The low Freon level will lower the temperature in the evaporator coils, causing it to freeze inside of them. And if this happens, you may find that the coils are completely covered with ice due to the surrounding moisture in the air outside.
Hissing sound coming from the unit
You can also listen out for any hissing sound coming from the air conditioning unit itself. If the freon level is low, it more than likely is due to a leak.
If the leak is relatively large, you will hear a bubbling or slight hissing sound coming from the unit as the freon escapes through the refrigerant line or valves.
The sound could come from a number of different components around the line, so try to listen in different areas to pin down the leak area.
Buy an electronic leak detector
Modern technology has also brought about more sophisticated ways to detect leaks in your air conditioning unit.
There are now electronic detectors that can sniff out a freon leak in your system. If there is a leak, the detector will display a visual indicator or emit a beep as an indicator.
Be sure to read the instructions on the detector before utilizing it, as many may not be as reliable as others—especially in certain weather conditions.
However, a diagnosis from an experienced HVAC technician is always recommended, as they have more reliable and professional equipment.
Can I recharge my home AC myself?
Though you can recharge your air conditioner yourself, it's really not recommended. Chances are unless you're an HVAC professional, you may not have the tools, knowledge, and experience necessary to perform the task.
If you do attempt to perform this task yourself, be sure to gather as much knowledge as possible, and even doing a quick consult with a licensed professional HVAC technician can be helpful.
Need a visual on how HVAC pros check freon levels? Check out this video:
Why is my air conditioner running but not cooling the house?
There could be a number of things causing the air conditioner to run without actually cooling the temperature in the home.
Chances are that the motor is working fine, but another component issue is causing we are to fail to cool. Often this is caused by low refrigerant levels, faulty thermostats, clogged air filters, or frozen evaporator coils.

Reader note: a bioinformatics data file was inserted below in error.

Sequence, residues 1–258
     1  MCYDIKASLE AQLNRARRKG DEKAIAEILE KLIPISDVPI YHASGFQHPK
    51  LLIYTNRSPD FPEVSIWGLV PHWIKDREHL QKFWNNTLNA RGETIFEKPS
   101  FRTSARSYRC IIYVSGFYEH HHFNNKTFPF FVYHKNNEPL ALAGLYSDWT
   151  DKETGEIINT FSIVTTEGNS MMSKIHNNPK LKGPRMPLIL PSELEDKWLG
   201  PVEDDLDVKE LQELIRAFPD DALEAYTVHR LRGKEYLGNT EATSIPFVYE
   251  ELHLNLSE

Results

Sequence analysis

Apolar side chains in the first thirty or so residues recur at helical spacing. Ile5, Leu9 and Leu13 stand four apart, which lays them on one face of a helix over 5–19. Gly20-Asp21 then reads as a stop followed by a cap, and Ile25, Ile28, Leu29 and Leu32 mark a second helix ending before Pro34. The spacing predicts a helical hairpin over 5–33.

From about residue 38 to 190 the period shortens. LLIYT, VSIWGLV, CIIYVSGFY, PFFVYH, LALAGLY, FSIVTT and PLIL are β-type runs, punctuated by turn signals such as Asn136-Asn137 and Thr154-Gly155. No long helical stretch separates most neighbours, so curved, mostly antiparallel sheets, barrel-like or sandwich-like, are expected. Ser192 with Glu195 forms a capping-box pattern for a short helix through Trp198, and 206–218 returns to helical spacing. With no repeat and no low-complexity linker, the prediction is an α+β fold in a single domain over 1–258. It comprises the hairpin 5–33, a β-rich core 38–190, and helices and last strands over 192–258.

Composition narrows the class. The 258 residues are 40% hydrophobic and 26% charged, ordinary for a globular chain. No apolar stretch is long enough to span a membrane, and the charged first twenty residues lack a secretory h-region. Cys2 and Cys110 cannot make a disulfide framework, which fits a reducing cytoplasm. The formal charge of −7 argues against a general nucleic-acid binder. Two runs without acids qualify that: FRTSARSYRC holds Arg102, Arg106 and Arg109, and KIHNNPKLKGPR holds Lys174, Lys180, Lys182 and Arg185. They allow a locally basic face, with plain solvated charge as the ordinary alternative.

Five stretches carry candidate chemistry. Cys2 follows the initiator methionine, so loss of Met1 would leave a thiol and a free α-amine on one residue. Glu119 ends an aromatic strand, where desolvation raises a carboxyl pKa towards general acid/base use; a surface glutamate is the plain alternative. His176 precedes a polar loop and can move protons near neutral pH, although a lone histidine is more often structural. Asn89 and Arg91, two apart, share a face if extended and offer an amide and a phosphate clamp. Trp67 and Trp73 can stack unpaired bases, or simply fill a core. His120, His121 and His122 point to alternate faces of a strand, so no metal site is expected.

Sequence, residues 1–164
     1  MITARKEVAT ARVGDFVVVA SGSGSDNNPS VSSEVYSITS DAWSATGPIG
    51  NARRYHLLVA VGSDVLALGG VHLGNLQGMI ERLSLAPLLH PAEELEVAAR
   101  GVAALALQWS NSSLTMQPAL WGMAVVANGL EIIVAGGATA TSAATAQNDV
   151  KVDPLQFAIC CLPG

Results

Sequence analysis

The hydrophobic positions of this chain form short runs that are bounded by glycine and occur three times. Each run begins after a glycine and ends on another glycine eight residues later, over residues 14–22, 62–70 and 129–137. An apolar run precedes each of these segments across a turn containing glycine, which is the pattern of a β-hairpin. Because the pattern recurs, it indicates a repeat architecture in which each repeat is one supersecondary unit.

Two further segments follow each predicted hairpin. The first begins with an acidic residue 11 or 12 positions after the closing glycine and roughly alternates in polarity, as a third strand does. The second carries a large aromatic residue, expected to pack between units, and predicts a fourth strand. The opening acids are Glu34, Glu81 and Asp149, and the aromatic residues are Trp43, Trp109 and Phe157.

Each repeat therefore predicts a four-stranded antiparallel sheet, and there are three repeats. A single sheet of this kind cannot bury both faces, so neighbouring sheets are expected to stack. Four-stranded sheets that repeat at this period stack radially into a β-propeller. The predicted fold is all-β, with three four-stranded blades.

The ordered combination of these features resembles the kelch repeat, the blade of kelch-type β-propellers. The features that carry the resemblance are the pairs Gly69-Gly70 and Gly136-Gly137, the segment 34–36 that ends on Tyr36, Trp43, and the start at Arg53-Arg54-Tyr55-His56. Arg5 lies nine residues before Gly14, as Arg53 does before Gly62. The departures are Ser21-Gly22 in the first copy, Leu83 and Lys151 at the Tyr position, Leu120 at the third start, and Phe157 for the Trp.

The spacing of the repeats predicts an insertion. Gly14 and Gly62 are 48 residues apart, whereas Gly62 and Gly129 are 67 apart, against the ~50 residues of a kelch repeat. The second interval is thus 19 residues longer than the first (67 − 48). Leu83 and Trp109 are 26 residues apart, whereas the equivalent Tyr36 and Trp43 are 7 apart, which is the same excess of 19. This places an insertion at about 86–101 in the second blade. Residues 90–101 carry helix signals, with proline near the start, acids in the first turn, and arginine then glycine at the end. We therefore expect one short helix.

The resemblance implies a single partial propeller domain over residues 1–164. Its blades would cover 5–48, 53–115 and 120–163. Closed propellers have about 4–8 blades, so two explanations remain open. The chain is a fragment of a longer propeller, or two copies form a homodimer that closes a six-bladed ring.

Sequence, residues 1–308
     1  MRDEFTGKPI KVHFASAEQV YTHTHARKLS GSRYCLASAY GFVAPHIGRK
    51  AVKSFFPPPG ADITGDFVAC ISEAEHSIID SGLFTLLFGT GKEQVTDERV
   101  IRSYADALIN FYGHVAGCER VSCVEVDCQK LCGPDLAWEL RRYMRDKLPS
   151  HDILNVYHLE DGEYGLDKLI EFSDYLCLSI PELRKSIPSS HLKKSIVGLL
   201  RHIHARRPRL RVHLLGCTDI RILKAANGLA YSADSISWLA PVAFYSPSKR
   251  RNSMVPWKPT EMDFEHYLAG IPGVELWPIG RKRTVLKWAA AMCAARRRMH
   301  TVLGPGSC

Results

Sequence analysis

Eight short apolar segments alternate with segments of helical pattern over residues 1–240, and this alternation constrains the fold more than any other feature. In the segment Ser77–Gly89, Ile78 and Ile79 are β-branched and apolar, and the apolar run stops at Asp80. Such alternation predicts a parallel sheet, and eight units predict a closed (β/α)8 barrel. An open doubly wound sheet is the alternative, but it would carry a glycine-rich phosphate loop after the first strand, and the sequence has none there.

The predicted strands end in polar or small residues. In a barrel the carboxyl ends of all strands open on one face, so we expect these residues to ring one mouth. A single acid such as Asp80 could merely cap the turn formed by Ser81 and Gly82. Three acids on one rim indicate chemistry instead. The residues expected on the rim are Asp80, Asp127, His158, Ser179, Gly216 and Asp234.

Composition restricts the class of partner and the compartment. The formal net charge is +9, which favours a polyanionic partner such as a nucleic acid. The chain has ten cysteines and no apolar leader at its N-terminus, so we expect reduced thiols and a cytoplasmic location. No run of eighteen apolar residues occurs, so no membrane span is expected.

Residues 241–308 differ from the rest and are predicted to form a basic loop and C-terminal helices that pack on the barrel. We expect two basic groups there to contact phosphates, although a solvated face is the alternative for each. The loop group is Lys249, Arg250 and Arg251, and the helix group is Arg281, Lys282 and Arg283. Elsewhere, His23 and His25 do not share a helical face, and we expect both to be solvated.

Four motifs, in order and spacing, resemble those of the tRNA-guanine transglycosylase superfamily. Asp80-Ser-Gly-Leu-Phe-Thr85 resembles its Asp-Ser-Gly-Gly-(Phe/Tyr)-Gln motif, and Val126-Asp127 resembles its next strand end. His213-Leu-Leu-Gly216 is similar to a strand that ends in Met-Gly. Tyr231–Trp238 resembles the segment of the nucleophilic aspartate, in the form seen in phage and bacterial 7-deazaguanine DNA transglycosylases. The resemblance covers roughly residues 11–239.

How often does home AC need freon?
If your AC is running properly, you shouldn't have to add freon to the unit at all. However, the chances are that sometime in the air conditioner's lifetime, it will experience a leak. It is these leaks that will necessitate a recharge.
Air conditioning refrigerant can leak directly from the refrigerant line, faulty or broken valves, or other areas. If you suspect that the refrigerant is low in your air conditioner, try to narrow down other potential issues by doing a bit of troubleshooting.
How much does it cost to put R22 in an air conditioner?
The cost to put R22 in your air conditioning system can range anywhere from $100 to over $300, depending on your area.
You can also purchase freon yourself if you have HVAC experience or feel confident performing this task yourself. The cost for a pound of freon can range from about $100 to over $150.
Is it bad to run AC with low freon?
Yes. Running your AC while the freon is low can be dangerous if there's a large leak in the unit. A large leak in the refrigerant can cause it to seep through the vents in your home, creating a hazardous atmosphere for you and your family members.
This is why it's best to turn off the unit immediately and call an HVAC professional if you suspect that there is a refrigerant leak.
Wrapping Things Up
An air conditioner running on low refrigerant can cause the unit to overwork and malfunction if it is not recharged in a timely manner.
And remember, always check your vents, thermostat, air filter, and blower fan if you suspect that your refrigerant levels are low. Doing so can help you rule out other possible issues.
Before you go, be sure to check out our other posts: